Thursday, June 5, 2014

Migraine & Headache Awareness Month 2014 #5- Not Just a Fairy Tale Anymore...

Day #5 prompt: The fairy tale or character that best describes you.  Tell us why

Ok.  This answer will bring about a chuckle and probably a few jokes from some of you (Aimee)...  But to me this fairy tale says it all.  When I think about what fairy tale that best describes me I think of Hans Christian Andersen's The Ugly Duckling.  (Ok- insert joke and laughing here)

I actually identify with this fairy take not in the traditional sense- the ugly duckling who doesn't belong becomes a beautiful swan.  The way I see it is that The Beast (Cluster Headache Attack) changes me from who I am into something very ugly.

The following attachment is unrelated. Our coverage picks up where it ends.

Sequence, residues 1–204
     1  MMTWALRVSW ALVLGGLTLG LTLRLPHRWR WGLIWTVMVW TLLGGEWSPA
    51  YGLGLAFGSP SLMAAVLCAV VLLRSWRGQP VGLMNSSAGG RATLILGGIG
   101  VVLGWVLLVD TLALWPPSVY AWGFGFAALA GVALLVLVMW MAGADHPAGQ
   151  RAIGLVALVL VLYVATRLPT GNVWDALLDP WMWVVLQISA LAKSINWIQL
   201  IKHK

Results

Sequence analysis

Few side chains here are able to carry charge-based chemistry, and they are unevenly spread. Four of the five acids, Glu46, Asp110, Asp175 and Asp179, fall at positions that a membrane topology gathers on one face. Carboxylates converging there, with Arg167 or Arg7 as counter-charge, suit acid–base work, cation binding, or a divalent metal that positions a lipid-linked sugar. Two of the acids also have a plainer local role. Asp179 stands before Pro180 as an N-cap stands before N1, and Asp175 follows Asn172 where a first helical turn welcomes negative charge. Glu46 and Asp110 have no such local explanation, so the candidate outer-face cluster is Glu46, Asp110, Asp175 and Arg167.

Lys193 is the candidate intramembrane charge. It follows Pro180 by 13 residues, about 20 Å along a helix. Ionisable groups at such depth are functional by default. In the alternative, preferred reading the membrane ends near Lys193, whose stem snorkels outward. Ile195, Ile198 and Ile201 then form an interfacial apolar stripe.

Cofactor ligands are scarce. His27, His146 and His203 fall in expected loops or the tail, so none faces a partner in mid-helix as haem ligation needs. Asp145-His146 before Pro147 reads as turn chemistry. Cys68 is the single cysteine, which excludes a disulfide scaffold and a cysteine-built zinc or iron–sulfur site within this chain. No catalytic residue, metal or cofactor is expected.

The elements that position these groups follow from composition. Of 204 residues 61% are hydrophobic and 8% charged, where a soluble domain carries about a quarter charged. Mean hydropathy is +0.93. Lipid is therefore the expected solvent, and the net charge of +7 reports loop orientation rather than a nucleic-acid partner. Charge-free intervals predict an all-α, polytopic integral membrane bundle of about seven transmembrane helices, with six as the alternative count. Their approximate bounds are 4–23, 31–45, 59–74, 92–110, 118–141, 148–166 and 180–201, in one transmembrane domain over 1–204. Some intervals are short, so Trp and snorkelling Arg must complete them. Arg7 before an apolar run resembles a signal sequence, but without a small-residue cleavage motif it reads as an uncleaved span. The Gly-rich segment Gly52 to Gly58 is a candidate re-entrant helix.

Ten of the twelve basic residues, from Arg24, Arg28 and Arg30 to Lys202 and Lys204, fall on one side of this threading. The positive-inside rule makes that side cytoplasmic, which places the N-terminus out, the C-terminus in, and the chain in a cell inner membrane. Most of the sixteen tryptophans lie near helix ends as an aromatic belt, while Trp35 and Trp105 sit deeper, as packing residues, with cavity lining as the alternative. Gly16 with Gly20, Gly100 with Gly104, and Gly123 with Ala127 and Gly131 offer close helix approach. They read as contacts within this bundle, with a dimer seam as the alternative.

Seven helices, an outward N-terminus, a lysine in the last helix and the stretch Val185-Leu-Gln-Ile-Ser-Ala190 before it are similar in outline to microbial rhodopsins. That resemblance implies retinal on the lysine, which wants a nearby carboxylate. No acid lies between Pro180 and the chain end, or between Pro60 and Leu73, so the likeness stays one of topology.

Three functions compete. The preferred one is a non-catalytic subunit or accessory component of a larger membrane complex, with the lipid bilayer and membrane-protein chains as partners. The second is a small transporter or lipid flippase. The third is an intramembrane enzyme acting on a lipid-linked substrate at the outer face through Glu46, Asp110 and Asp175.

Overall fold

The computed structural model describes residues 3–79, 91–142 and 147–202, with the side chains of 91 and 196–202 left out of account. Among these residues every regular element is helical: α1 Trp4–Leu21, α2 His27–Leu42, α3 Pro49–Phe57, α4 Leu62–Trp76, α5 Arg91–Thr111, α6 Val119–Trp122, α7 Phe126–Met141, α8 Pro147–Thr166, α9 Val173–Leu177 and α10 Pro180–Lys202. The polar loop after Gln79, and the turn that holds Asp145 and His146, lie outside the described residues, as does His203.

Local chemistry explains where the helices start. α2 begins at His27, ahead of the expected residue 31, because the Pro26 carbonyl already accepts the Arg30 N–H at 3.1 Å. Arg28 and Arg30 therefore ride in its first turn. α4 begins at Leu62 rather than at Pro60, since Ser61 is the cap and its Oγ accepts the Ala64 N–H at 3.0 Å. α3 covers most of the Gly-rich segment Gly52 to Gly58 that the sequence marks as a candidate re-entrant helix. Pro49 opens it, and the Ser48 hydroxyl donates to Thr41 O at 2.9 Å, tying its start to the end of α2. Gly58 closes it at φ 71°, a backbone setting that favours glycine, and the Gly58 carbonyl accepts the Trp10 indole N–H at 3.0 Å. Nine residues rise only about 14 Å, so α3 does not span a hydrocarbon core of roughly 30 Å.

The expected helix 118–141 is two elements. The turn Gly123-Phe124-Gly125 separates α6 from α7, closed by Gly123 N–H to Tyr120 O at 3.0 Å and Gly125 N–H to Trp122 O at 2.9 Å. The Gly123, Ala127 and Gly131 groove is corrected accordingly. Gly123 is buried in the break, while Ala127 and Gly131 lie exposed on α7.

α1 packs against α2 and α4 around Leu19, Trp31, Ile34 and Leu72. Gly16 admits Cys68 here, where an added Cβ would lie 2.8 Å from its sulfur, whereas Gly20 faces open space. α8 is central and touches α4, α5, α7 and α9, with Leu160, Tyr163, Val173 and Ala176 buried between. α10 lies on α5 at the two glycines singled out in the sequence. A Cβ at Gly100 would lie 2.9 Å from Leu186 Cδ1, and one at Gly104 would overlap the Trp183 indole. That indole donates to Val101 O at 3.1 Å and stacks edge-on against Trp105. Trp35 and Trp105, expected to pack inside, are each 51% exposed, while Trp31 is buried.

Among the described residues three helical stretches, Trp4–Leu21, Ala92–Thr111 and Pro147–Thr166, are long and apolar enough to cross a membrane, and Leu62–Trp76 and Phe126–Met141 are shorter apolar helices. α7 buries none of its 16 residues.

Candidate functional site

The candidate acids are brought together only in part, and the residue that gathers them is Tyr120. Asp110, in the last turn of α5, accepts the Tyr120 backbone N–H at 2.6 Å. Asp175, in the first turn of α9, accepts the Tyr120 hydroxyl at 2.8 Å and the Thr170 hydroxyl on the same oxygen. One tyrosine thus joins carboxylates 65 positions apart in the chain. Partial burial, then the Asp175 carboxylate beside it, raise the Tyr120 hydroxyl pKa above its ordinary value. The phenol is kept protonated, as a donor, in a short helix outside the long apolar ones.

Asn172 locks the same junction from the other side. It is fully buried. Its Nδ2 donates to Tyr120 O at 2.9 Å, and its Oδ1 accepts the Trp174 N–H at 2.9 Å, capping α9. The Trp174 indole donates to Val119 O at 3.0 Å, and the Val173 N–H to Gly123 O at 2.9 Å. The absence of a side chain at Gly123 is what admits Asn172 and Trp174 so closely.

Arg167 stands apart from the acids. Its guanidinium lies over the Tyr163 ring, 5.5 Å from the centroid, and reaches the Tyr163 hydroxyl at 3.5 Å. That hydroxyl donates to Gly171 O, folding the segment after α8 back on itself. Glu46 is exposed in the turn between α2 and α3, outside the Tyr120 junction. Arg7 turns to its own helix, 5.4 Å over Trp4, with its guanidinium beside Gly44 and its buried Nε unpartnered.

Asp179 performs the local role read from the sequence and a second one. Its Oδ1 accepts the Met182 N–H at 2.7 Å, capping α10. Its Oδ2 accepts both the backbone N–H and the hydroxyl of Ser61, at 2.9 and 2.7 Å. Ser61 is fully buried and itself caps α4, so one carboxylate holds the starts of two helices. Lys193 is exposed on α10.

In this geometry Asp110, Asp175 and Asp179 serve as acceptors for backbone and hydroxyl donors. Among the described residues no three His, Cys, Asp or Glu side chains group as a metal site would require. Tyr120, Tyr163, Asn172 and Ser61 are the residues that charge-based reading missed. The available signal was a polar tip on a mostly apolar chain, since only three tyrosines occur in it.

Many people think of migraine or headache and they think of going to a dark, silent room and retreating until the pain is gone (for hours or days).  With Cluster Headaches comes aggravation, agitation and the desire to put your head through a wall or window.  People with Cluster Headaches have been known to seek other forms of pain during an attack to find some kind of relief from the attack.  When I am in a massive attack I have been known to scream, sob uncontrollably, hit my head against any object that will not break (and some that will).  I do not want to be touched, talked to or looked at.  Any number of insults, curse words and threats can come spewing from my mouth.  An attack is a VERY ugly thing to see and a big reason why I hide myself from everyone.  

Migraine & Headache Awareness Awareness Month 2014 #4- A New Me